In addition to catastrophic events, it should cover my routine expenses as well, in the case of health insurance. I know I will go to the dentist twice a year (if you only go once, try going twice… makes each visit so so so much better… and floss!) and I know how much that would cost me out of pocket, let me get the insurance that gives me that preventative care and will cover me in case I need major surgery.
(Re)Building Your Social Network
If you're all alone in a new area, it's important to start participating in as many social events as possible. Here is a list of ideas to get you started:
- Recreational sports leagues
- Hobby meetup groups
- Professional networks
- Cultural events – concerts, museums, book readings
- Social media
- Take a Class
Rebuilding your social network can be a challenge but if you're open to new experiences (always say yes!) and put in the effort, you'll be building up that network up in no time. The key is to avoid getting sucked into work all the time, especially since it's available, and push yourself to make friends outside of the workplace.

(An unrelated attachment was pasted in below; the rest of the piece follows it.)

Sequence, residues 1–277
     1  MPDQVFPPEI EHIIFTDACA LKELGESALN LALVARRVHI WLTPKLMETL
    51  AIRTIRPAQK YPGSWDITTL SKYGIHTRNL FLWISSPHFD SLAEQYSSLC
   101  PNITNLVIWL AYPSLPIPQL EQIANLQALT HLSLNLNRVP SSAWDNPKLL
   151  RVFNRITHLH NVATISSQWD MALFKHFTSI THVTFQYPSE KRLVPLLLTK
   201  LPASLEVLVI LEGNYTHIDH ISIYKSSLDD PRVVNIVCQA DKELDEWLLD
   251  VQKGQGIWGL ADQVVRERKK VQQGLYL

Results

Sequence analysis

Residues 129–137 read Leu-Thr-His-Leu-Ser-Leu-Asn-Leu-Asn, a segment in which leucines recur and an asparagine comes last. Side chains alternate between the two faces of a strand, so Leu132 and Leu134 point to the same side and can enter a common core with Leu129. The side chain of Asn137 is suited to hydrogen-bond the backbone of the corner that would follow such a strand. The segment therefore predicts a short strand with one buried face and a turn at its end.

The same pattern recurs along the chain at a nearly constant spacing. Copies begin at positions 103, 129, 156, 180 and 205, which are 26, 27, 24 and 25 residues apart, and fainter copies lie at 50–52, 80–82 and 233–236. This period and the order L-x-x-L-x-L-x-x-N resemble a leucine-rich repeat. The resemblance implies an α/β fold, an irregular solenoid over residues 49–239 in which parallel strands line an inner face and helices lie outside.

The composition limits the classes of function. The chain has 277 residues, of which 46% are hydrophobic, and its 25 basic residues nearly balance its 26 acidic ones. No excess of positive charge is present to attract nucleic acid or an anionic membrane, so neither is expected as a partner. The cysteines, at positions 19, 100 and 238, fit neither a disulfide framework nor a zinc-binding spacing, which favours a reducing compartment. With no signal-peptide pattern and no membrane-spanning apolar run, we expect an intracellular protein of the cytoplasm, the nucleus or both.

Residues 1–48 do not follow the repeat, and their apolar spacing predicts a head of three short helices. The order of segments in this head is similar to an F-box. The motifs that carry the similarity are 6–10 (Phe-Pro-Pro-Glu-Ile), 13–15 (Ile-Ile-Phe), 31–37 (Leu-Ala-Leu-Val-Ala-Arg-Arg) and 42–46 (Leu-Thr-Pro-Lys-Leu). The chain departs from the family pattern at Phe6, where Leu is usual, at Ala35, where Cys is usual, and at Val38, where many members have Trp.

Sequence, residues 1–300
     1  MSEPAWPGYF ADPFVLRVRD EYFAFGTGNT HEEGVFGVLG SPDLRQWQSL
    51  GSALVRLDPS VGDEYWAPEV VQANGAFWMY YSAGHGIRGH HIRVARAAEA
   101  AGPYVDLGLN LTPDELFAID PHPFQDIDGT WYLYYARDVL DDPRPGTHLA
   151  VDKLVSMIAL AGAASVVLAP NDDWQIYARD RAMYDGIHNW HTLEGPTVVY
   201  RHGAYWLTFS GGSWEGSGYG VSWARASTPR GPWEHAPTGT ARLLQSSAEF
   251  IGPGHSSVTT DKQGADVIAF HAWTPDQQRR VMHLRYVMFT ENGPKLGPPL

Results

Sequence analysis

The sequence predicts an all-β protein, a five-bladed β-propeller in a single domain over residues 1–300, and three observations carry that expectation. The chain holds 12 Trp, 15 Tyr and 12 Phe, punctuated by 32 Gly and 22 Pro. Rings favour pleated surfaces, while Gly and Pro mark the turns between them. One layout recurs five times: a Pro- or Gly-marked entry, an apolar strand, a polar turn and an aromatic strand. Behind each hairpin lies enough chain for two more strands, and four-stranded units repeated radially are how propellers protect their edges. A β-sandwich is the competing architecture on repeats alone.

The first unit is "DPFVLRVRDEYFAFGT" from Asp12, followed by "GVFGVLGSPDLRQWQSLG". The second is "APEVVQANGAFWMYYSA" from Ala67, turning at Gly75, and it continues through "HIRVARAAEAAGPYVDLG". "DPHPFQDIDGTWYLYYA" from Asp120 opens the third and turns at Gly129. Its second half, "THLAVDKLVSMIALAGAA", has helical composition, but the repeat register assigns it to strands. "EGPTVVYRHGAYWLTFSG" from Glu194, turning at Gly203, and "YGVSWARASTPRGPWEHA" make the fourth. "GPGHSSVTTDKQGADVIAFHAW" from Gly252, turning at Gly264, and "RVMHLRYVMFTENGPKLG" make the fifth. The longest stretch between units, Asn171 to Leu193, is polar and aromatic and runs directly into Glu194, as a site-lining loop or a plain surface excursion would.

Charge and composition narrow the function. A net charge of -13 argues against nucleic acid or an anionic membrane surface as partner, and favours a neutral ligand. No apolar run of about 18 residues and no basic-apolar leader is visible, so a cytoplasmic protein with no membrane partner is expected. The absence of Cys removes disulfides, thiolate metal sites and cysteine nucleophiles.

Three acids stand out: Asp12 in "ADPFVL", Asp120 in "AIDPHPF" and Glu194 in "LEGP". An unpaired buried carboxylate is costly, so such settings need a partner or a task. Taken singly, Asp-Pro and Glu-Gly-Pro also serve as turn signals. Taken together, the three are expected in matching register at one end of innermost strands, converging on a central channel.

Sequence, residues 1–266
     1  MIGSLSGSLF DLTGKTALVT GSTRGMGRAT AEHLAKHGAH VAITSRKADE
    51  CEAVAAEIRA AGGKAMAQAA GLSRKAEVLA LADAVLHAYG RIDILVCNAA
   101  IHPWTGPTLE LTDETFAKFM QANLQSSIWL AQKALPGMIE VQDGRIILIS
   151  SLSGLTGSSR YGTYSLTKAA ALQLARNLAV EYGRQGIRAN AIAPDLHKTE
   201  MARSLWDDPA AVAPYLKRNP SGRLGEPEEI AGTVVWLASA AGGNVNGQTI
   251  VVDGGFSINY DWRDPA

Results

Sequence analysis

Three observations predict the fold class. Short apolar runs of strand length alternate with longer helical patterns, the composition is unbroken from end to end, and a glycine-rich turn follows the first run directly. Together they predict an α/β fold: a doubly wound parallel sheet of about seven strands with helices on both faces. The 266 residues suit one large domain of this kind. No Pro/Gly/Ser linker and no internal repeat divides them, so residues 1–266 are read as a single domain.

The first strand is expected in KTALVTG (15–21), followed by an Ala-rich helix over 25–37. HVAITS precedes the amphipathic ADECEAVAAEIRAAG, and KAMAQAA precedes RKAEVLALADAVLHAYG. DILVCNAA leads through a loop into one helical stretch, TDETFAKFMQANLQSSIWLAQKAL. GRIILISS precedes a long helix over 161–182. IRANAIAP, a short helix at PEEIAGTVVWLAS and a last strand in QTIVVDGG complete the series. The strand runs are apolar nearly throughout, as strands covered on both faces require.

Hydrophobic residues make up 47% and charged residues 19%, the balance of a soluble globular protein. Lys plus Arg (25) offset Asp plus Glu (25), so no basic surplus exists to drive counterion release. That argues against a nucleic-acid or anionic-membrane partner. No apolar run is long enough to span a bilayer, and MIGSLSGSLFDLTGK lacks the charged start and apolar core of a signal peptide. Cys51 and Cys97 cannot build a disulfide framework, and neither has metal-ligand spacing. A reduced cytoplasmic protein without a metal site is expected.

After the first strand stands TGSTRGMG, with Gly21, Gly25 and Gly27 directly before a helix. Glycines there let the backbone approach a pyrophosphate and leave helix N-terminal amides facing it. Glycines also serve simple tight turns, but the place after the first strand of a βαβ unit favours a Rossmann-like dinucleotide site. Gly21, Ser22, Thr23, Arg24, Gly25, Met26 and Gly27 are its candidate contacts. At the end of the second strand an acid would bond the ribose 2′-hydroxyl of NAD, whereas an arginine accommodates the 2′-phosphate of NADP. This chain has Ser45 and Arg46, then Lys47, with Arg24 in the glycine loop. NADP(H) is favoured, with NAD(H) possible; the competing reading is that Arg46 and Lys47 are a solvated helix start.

Also, don't forget to keep in touch with your existing friends. It's more work to maintain friendships when you're no longer in the same area so you need to make an extra effort.
Finally, let me congratulate you on Your First Job! It's an exciting time with a lot of opportunity and the whole world is ahead of you.
I have one bit of advice – don't take it all so seriously. These are not life and death choices. Your career will be long, prosperous, and take many turns along the way. You will make good decisions and some bad ones – it'll be OK.
As long as you get a few of the financial basics right, the rest will fall into place. We hope this Field Guide will give you the foundation to make the most of those opportunities.
In my first job just ten years ago, I was a software engineer writing code for jet fighters. I had a security clearance, good marketable skills, and a secure future for the next forty years. Now, I'm an entrepreneur who has the freedom to do what I want and the pressure to make the most of it.
Have fun and good luck!